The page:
Post updated August 17th, 2019 at 02:07 pm
Having only watched it once as a little kid, the original Dumbo lives on in my memory as hazy fragments. I don’t have an emotional connection to the 1941 Disney classic as I do to say The Lion King, Tarzan or even Mulan, so when I say the live-action remake doesn’t quite work, know that I don’t mean that in comparison to its original. Dumbo simply doesn’t work, period. Large parts of the movie feel like pointless fluff just conjured up inorganically and dropped in for the sole purpose of dragging its runtime (the original was an hour long; this is 52 minutes longer). It’s a bummer because sprinkled throughout this overall mundane affair are awe-inspiring moments that are absolutely stunning to behold on the big screen.
These moments, which are almost always purely visual, are quite obviously courtesy of director Tim Burton (Beetlejuice, Batman, Edward Scissorhands), who’s a beast of a visual stylist, one of the best to ever grace the planet. Many have tried and will continue to try, but nobody paints whimsical, gothic pictures quite like Burton, who really understands the art of crafting magic and wonder. The first time Dumbo flies around the Medici circus and sprays water on a bunch of rowdy teenagers is a heart-racing moment of pure bliss. Indeed, you will believe!
Collette (Eva Green) performing acrobatics while Dumbo glides around her and the Farriers look on is a scene that will steal your breath away. And then there’s the weird pink bubble sequence from the animated film reimagined by Burton to hypnotising effect. We see a close up of Dumbo bobbing his head as a bunch of circus performers make large, pink elephant shape bubbles. It’s a trippy scene that’s also dark and beautifully melancholic — you can feel Burton’s excitement seep through the screen and engulf you. Accompanied by Danny Elfman’s addictive musical score, this entrancing, spine-chilling sequence is better than any other sequence of the Disney live-action remakes so far.
These beautifully crafted pieces of visual storytelling make the overall viewing experience of Dumbo frustrating because you can’t help but think about what could’ve been. It’s frustrating that we don’t care about any of the characters, not even Dumbo (despite how bloody cute he is) on a deeper level. It’s frustrating that we have to lumber through meaningless fluff to get to the great parts. And it’s not exactly Burton’s fault.
Dumbo lacks a genuine emotional centre because of screenwriter Ehren Kruger. I wonder what about Transformers: Revenge of the Fallen, Dark of the Moon and Age of Extinction made Disney go, “god damn! We gotta hire one of those screenwriters to pen the remake of one of our most beloved films”? Just like with the Transformers films, the emotional core is snatched away from the character we want to grow attached to, which is Dumbo (and his mom) and given to a bunch of human beings.
Dumbo, whose CG and character design is fantastic, is but one of the many characters in a film about the Medici circus. Instead of a film about an elephant that’s trying to reach its fullest potential, the remake is about an elephant trying to get back to its mom but is held captive and turned into a show by a wealthy circus owner. It’s also about a father, Holt Farrier (Colin Farrell), a war veteran and a once famous trick rider, who has not only lost an arm, lost his wife but also struggling to bond with his two children. What did you expect? It’s a Tim Burton film!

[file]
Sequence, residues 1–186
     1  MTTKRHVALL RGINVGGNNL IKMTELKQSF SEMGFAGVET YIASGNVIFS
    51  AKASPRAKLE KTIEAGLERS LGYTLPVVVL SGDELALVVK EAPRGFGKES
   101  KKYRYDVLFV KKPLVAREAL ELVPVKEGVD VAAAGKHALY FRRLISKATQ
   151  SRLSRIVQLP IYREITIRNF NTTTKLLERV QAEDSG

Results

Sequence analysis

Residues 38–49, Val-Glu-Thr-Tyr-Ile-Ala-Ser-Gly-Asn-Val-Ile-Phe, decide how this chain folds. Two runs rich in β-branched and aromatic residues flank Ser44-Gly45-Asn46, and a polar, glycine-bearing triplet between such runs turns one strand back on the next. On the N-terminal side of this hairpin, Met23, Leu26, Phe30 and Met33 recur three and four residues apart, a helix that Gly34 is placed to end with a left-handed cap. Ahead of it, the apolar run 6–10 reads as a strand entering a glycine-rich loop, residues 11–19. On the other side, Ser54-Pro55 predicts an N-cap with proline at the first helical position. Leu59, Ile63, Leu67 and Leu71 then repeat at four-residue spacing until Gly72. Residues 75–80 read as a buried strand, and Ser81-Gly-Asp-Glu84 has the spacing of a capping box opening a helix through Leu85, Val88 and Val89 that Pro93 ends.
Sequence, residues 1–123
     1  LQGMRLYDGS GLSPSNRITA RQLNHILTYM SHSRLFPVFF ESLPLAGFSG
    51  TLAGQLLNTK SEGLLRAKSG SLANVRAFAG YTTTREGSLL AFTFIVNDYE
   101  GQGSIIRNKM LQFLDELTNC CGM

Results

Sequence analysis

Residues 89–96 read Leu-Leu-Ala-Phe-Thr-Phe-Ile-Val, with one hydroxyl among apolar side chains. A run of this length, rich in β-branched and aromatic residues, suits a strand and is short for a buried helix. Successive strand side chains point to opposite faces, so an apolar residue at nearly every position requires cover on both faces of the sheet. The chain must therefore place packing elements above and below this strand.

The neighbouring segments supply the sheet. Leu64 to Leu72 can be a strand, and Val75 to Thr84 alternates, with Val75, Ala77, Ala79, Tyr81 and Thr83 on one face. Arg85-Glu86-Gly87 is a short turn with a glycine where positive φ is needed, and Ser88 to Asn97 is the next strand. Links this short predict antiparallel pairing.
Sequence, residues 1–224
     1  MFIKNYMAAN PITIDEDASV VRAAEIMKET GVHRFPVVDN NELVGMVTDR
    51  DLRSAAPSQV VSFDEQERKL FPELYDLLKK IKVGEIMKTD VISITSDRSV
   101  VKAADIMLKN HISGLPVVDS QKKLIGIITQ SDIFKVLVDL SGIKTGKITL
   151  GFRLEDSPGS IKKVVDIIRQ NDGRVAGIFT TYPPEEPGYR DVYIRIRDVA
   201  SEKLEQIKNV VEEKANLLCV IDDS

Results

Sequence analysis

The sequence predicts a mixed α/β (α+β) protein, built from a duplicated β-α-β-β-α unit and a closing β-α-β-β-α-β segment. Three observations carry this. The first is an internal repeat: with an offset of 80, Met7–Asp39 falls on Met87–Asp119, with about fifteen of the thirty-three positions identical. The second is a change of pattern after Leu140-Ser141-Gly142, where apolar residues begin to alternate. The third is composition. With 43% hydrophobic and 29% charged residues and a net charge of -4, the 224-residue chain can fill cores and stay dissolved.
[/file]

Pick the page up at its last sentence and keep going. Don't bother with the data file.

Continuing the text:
There’s also Eva Green’s Colette, the gorgeous acrobat. Treated as nothing but a trophy and an arm candy by the big-time circus owner, Vandevere (Michael Keaton), she’s desperate to break free, just like Dumbo. Finally, we have Dani Devito’s Max Medici, a small-time circus owner, both sweet and eccentric who gets tricked by the villainous Vandevere. These are all frankly great ideas that make up the bones of the film. But films aren’t just made of bones. There needs to be flesh and blood, tissue and muscle.
None of these interesting ideas are fleshed out and given meaning. We don’t get enough of Dumbo’s relationship with his mother. As a result their separation is sad (a child being separated from his/her mom is always going to be sad) but not agonizing. The film also tries to use ‘flight’ as a symbol of freedom, but because the story is told from the humans’ perspective and not Dumbo’s, we don’t feel the young elephant’s desperate desire for it. The parallels between Colette and Dumbo is fascinating in concept, but Kruger barely scratches the surface. We don’t see Vandevere (who by the way, is a very weak villain) actually keep her on a metaphorical leash, so what exactly is she trying to fly away from?
Why doesn’t the film explore Holt’s loneliness after his wife’s passing or his agony of losing an arm and with it, his ability to ride horses like Rex Rossi? Why is his daughter (Nico Parker), who’s given so much screen time, one dimensional and bland? — she’s just ‘the girl who likes to make stuff.’ Danny Devito, perhaps the only actor here who understands the movie that he’s in — a Tim Burton kooky spectacle — brings his eccentric best and chews up the scenery and spits it out. He’s great! But when the end credits rolled, I realised I didn’t understand him on a human level either.
It’s frankly a huge bummer because I always get excited when auteurs are brought in to reimagine, remake or adapt mainstream properties. I get excited to see what they would do differently. To see their vision come to life. But Dumbo is all style and no substance. And Tim Burton hasn’t made a good movie since 1994. He’s a unique director of immense talent and the ridiculously awesome bubbles sequence is proof that he’s still got his magic touch. I just wish he’d collaborate with writers who are just as talented with a pen as he is behind the camera.